Saturday, December 21, 2013

In Praise of Liberty Orchards

A couple times a year, most years of my conscious life, I've had the pleasure of tasting Aplets & Cotlets. And for the first time this year I had the Peach Walnut Fruit Delights, which I find worthy of sharing shelf-space with Aplets & Cotlets.

This year I realized Liberty Orchards is a national treasure.

Aplets and Cotlets stand out from the crowd for their texture and flavor.

Flavor: These candies are on an entirely different (higher) plane than what comes to mind when you use the word "candies". I don't want to speculate, but I believe it is because they are using real fruit and are wholly dedicated to quality. When I taste an Aplet or Cotlet, my tongue tells me that the very essence, spirit and soul of a perfectly ripe fruit has been carefully wrapped in silky pectin, like a genie in a bottle in order to grant me one wish: to know what fruit tastes like in heaven.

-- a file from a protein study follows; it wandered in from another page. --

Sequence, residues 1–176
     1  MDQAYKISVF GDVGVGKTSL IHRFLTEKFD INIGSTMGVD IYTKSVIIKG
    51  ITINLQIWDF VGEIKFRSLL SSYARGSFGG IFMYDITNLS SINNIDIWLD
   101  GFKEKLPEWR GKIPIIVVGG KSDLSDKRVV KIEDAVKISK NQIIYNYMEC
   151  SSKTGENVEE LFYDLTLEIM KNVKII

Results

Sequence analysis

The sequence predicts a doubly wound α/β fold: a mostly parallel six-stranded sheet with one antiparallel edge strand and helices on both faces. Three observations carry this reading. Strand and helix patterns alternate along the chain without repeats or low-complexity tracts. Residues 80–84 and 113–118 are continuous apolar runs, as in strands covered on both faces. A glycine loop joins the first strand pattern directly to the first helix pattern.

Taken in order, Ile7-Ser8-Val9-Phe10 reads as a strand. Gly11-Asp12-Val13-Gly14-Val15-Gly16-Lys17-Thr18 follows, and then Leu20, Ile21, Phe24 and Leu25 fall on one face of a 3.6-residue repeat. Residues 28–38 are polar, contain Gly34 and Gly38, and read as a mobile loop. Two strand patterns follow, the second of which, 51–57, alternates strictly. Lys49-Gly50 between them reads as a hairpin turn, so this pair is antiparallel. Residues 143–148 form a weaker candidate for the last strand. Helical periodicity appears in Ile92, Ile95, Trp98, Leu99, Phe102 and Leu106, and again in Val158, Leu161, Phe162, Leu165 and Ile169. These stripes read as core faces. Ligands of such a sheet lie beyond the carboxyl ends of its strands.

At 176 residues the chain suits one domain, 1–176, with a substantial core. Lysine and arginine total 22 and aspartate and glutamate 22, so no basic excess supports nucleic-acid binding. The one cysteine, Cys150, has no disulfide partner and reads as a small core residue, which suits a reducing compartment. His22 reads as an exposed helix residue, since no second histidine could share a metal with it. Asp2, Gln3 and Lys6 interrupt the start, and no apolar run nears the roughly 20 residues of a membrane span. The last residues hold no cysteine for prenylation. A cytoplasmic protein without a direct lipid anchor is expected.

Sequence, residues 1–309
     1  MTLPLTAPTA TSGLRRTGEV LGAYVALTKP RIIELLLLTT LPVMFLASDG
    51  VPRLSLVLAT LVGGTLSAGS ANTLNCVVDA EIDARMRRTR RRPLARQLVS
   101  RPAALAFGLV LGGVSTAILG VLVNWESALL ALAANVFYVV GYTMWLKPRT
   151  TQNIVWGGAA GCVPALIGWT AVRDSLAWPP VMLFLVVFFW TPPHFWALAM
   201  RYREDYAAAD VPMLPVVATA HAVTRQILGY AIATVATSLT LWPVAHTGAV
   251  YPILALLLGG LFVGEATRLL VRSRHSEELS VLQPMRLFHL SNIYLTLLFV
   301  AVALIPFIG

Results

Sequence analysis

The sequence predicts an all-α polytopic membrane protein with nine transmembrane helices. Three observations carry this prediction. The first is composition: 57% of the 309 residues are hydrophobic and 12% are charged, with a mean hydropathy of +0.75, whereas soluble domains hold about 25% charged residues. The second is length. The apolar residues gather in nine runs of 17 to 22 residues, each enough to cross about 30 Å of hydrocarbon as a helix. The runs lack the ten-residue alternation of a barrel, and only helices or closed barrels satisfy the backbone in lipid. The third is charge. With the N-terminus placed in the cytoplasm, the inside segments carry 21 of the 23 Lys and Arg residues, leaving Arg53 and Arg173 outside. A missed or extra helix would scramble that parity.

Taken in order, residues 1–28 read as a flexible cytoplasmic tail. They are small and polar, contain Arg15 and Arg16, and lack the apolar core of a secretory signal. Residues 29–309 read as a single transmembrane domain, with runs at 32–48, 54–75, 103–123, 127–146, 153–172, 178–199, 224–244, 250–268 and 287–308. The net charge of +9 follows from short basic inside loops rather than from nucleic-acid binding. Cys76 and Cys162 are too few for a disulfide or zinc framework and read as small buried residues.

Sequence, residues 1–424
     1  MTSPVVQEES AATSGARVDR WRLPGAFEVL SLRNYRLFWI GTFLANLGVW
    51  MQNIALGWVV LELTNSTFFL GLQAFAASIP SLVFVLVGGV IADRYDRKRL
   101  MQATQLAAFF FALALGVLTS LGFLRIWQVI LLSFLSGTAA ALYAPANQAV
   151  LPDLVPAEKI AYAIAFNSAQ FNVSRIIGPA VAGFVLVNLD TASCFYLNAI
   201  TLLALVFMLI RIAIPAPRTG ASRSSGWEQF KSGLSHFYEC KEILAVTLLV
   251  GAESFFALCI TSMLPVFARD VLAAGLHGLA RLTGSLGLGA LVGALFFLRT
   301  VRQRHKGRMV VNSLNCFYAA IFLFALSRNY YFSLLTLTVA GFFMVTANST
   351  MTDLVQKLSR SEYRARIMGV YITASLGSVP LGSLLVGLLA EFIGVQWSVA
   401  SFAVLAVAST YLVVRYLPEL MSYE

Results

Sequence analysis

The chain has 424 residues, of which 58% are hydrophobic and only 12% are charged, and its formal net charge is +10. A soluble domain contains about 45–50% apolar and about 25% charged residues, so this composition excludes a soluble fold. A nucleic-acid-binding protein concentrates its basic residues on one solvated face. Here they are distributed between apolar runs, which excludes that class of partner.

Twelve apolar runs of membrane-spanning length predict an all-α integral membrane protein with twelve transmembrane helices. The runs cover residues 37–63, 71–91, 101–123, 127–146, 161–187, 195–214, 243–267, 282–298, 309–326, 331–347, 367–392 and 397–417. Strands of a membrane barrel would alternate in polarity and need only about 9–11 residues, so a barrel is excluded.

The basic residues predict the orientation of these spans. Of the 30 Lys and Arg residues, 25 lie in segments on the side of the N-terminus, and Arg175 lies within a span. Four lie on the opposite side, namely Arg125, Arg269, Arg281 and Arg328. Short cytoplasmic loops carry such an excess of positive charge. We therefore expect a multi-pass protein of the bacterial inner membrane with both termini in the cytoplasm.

Texture:  The texture of Aplets & Cotlets is a gentle firmness that melts away readily, allowing you to enjoy the wonderful sensation of perfectly ripe summer fruit with no distracting or unpleasant stiff, sticky or chewy textures.

The only affiliation I have with Liberty Orchards is that I am a lifelong resident of Washington State. I'll admit there may be some home-state pride involved in this review.

Monday, December 02, 2013

Cool Cool Tools

Most catalogs are compiled out of a motivation to funnel consumers to a specific business.

The Cool Tools catalog, by Kevin Kelly is curated to give you a window into the best tools available to enhance your life and others by the use and consideration of a massive collection of highly functional tools.